Massachusetts May Be Leading the Way for Renewable Energy Standards
Renewable Energy Requirements
In an effort to reduce greenhouse gas emissions and the dependency on traditional fossil fuel energy sources, regulators in Massachusetts have set forth new renewable electricity purchasing requirements for all the state’s public utilities. Massachusetts’ Department of Public Utilities (DPU) now requires each public utility to bid on long-term green energy contracts no less than two times by the end of 2016.
Aside from providing Massachusetts citizens cleaner energy, the requirements are expected to push clean energy developers to move more quickly on starting projects, since a federal tax credit for such projects –set to expire soon– requires that they be implemented by the end of 2013.
Massachusetts was one of the first states in the nation to implement a Renewable Energy Portfolio Standard (RPS), which requires a certain percentage of the state’s electricity to come from renewable energy. The new requirements are in addition to the RPS and Alternative Energy Portfolio Standard (APS; which provides requirements and incentives for alternative electricity technologies), which was implemented several years ago.
Another method that Massachusetts is using to boost the state’s renewable portfolio is through its Solarize Massachusetts program, which focuses on bringing solar electricity systems to homes and businesses in the state. Running the program is the Massachusetts Clean Energy Center and the Green Communities Division of Massachusetts Department of Energy Resources, which partners with towns and cities in the state in order to boost the implementation of small-scale solar photovoltaic (PV) projects.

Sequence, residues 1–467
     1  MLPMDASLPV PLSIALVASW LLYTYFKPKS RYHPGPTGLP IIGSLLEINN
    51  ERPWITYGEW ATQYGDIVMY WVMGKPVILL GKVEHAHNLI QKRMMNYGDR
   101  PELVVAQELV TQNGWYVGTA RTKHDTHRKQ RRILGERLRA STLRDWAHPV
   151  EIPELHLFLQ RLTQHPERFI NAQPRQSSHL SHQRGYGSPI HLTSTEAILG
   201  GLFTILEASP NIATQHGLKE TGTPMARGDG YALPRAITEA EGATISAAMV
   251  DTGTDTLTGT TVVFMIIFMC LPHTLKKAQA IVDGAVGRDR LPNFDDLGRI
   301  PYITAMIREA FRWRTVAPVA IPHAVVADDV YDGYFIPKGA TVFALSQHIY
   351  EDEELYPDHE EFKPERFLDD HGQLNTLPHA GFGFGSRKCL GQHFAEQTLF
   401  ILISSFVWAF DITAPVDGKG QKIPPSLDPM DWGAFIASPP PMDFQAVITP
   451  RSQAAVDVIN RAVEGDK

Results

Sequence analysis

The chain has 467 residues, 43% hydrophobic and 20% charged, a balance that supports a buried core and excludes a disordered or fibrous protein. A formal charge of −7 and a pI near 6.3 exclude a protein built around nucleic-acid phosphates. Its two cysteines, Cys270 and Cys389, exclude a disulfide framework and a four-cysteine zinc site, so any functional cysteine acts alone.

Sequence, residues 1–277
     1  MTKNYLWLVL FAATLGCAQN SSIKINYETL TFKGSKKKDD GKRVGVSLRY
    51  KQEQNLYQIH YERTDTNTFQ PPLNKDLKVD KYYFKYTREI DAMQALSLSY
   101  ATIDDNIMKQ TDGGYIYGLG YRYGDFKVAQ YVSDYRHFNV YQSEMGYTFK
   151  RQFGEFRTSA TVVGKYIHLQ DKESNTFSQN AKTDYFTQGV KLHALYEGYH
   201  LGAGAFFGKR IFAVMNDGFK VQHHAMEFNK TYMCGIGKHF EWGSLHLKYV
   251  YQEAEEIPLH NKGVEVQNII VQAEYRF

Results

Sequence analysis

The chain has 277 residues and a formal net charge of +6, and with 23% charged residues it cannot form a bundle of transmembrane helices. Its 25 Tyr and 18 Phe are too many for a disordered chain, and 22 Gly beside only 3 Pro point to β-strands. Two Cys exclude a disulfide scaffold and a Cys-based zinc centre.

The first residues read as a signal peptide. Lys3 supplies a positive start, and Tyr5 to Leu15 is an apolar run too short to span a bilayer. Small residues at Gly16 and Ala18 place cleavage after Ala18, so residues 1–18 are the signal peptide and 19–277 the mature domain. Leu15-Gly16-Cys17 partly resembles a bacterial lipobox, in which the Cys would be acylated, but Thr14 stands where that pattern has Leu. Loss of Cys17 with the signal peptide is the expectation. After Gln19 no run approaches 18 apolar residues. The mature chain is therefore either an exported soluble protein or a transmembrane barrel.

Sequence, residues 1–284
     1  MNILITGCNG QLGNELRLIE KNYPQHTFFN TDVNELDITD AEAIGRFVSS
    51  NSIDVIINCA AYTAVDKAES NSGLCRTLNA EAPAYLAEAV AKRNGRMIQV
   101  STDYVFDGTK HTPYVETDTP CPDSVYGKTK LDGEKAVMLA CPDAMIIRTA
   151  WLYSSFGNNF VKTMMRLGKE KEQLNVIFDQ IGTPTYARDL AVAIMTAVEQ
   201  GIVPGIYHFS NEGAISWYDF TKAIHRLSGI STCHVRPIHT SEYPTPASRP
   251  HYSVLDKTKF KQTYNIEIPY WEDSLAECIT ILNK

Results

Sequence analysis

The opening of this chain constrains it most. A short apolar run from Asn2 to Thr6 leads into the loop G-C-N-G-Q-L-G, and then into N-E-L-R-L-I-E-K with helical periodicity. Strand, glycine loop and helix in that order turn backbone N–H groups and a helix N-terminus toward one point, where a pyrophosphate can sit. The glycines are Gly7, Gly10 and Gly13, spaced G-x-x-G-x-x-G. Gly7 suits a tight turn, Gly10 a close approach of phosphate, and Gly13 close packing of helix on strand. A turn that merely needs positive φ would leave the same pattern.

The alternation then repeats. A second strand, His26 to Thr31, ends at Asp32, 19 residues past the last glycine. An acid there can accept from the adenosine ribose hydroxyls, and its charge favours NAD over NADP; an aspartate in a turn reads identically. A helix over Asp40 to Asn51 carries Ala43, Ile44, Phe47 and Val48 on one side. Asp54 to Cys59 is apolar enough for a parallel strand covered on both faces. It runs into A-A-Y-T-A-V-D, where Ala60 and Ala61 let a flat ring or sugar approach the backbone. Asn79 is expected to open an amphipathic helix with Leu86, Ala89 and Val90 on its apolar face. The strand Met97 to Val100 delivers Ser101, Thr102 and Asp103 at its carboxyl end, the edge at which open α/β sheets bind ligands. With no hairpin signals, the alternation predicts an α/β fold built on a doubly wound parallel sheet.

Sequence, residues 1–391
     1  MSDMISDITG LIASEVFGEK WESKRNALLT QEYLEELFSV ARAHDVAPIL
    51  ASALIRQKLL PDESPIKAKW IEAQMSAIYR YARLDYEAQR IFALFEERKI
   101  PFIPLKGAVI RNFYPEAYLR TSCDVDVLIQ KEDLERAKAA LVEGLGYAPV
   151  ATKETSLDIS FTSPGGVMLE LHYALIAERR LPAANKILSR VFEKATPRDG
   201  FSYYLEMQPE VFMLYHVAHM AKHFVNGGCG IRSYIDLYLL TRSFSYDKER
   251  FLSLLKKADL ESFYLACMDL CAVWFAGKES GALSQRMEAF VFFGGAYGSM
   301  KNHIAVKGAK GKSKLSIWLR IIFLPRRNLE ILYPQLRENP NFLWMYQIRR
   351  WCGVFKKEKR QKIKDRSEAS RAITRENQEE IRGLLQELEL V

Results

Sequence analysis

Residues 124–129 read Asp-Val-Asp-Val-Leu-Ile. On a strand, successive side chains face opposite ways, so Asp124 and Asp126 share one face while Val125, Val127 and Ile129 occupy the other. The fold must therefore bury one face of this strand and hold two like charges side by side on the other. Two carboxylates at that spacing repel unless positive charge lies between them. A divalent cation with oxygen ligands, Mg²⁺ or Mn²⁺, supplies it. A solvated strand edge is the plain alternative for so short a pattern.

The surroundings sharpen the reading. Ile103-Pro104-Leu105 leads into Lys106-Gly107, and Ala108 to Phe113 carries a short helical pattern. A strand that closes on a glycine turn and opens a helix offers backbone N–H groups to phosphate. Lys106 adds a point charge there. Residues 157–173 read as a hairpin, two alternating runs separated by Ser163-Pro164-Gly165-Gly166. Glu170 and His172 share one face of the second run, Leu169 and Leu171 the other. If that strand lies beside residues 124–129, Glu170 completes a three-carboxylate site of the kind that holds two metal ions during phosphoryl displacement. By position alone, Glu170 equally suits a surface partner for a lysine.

By organizing a coordinated education, marketing, and outreach effort, the entities are able to provide cities and towns cheaper small solar energy systems by means of a group purchasing model. As more residents and businesses purchase the systems, more savings is created for all in each community.
Last year, 17 cities and towns (749 residents and businesses) signed contracts to participate in the program, saving 20% on solar systems. The contracts were the equivalent of 4.8 megawatts of clean, renewable energy, or enough to power over 700 average homes annually. The state’s incentive programs for renewable energy, such as Solarize Massachusetts, resulted in a 28 percent drop in residential solar electricity prices in 2012 alone, according to the Solar Energy Industries Association.
The 2013 Solarize Massachusetts program is open for sign-ups from May until the end of September. Already, the state has met 220 megawatts of installed solar electricity, enough to power 33,000 homes a year. It is likely that the state will reach its goal of 250 megawatts well before the 2017 goal date.